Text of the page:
Some agents can be excluded based on this patient’s characteristics. His AFP is not ≥ 400 ng/mL, so ramucirumab would not be recommended. I would likely transition to sorafenib or lenvatinib. This patient does have extrahepatic spread and a portal vein thrombus, which means they would have been excluded from the REFLECT study of lenvatinib. However, I think lenvatinib is a more potent TKI than sorafenib, demonstrating a higher objective response rate. I would likely try lenvatinib in this patient, but I could not fault anyone who would consider sorafenib or cabozantinib for this patient as well.
In general, patients who have intermediate disease that has progressed on locoregional treatment should be transitioned to systemic treatment before they decompensate. For patients receiving locoregional treatment who develop new lesions in other parts of the liver, careful consideration should be given to whether those patients should get another chemoembolization or transition to systemic treatments, which have been shown to improve survival.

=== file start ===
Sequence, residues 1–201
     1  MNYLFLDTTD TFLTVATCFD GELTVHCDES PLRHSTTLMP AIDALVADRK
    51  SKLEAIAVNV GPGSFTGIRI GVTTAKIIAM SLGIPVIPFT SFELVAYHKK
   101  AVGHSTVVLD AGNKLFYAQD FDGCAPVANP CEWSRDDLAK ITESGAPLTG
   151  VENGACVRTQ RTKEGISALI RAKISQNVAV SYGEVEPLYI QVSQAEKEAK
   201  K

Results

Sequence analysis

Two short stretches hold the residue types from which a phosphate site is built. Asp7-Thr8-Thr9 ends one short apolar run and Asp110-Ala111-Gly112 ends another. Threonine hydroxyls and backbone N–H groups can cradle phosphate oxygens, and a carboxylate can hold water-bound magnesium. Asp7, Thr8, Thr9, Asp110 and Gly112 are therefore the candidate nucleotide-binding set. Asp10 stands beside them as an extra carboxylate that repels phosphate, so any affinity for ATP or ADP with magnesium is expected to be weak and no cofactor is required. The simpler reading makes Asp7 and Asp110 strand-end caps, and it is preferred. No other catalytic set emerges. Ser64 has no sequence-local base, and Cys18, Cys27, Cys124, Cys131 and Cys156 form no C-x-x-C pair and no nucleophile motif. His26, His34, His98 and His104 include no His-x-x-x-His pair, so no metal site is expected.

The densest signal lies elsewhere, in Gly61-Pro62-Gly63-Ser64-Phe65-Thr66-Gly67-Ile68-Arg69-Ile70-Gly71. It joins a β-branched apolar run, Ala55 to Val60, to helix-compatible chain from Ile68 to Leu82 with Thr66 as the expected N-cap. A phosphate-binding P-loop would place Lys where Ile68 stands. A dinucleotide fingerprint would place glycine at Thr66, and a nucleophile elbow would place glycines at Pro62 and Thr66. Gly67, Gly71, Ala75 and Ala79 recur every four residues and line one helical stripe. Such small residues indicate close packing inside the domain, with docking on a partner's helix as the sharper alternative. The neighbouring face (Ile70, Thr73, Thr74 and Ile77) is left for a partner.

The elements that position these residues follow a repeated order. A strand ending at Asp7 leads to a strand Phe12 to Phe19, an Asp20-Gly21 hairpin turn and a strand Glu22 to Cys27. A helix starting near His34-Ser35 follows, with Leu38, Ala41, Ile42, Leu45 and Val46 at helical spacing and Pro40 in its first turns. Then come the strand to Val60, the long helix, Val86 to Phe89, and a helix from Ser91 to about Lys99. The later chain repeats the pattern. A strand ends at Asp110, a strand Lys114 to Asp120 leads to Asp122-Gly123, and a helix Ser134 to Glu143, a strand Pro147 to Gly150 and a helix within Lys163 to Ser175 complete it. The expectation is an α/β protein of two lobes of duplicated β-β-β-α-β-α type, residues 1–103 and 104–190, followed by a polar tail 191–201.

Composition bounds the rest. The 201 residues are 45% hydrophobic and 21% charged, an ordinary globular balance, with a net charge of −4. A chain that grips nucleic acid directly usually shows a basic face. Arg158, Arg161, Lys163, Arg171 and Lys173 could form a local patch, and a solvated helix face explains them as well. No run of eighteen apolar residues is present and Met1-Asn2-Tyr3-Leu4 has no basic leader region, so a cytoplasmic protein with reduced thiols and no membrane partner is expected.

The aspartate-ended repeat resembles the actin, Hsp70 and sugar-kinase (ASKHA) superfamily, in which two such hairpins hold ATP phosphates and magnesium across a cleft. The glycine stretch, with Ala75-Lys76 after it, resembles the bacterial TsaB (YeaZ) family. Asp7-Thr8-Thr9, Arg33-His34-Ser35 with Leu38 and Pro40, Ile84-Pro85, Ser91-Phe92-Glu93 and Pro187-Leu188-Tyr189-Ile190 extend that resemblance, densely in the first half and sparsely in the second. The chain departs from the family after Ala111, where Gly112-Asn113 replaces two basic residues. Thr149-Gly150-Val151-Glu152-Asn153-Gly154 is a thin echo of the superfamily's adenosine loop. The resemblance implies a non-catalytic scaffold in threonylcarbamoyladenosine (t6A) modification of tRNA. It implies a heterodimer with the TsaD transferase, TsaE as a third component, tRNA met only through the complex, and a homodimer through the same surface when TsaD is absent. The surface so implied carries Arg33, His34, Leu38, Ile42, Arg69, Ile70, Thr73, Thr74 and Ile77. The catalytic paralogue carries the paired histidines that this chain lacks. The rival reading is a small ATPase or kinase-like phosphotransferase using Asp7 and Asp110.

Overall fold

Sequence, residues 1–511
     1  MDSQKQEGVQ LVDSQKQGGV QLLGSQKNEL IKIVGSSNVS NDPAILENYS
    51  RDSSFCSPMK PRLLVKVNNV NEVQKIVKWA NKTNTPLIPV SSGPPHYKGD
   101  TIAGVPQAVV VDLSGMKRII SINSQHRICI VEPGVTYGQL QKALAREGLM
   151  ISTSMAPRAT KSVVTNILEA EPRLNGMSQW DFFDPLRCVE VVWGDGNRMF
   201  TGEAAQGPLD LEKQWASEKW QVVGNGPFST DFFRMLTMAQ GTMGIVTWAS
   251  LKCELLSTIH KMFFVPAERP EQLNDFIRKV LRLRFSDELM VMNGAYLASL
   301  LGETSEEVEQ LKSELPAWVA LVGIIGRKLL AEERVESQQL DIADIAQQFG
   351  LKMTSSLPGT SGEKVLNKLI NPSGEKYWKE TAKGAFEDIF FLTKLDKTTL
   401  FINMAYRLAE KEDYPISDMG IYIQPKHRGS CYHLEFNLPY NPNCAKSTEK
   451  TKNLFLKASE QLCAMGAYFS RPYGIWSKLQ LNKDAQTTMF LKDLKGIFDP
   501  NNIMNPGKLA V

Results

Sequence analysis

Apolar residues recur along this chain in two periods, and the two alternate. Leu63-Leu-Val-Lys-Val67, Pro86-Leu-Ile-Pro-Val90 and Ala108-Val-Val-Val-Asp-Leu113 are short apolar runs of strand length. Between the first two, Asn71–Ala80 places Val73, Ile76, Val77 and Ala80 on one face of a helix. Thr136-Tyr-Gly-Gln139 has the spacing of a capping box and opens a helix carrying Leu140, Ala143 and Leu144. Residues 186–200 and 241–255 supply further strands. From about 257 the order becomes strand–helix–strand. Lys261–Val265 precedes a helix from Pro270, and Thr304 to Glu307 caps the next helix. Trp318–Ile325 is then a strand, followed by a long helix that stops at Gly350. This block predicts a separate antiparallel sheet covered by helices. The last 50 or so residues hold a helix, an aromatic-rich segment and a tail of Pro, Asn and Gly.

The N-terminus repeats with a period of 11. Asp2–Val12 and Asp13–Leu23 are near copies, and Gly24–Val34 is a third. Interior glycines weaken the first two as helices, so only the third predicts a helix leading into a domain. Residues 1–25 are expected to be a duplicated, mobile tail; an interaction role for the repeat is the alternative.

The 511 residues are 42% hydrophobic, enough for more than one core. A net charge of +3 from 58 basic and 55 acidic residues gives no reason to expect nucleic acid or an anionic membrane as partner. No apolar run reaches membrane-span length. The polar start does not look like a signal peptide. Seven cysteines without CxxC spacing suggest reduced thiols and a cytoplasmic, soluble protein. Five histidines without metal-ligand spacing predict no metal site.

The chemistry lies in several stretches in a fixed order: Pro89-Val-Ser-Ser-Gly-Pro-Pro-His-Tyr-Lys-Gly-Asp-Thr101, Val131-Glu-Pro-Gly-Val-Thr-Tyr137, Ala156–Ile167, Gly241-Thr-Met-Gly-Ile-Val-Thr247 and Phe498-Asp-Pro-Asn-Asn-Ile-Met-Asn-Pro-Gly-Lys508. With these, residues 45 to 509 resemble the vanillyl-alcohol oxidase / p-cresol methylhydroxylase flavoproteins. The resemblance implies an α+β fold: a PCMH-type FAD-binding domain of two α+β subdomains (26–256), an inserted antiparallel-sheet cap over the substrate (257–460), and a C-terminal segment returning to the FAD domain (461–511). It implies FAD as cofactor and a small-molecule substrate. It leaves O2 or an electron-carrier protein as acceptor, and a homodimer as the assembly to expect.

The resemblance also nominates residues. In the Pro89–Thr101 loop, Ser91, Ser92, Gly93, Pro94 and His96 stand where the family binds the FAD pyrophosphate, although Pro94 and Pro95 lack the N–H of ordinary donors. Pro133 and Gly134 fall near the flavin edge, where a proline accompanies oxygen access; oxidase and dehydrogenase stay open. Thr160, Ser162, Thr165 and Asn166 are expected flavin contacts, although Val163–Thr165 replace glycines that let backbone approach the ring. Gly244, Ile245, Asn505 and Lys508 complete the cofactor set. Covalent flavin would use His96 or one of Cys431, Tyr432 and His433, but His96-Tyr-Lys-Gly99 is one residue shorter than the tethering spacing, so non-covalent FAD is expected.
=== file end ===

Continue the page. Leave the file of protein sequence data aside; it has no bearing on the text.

We have seen that appropriate sequencing of effective agents can improve outcomes. In the context of the RESORCE study, again in a clinical trial population, OS for patients who received the sequence of sorafenib followed by regorafenib was 26 months. This is truly a new era in treating patients with advanced liver cancer. I suspect this survival will be confirmed, if not improved upon, with new active regimens in our armamentarium.
After a decade with only one positive phase III study of a systemic therapy (sorafenib) for patients with advanced liver cancer, we have now had 5 recent positive phase III studies. These include studies of regorafenib, lenvatinib, cabozantinib, and ramucirumab and then, this year, practice-changing data with atezolizumab plus bevacizumab in the frontline setting.
Level 1 evidence is still lacking for single-agent immune checkpoint inhibitors, although nivolumab and pembrolizumab have accelerated approval in the second-line setting and strong signals confirming their activity were observed in the CheckMate 459 and KEYNOTE 240 studies, although neither trial met their statistical endpoints.
The future, in my opinion, will include combination therapies. High response rates have been observed with immune checkpoint inhibitors when these are combined with TKIs and PD-1 inhibitors in combination with CTLA-4 inhibitors. These data are very provocative and we eagerly await phase III data with these combinations.
It is a very exciting time for our patients with advanced HCC, and I think we will continue to see progress in the near future.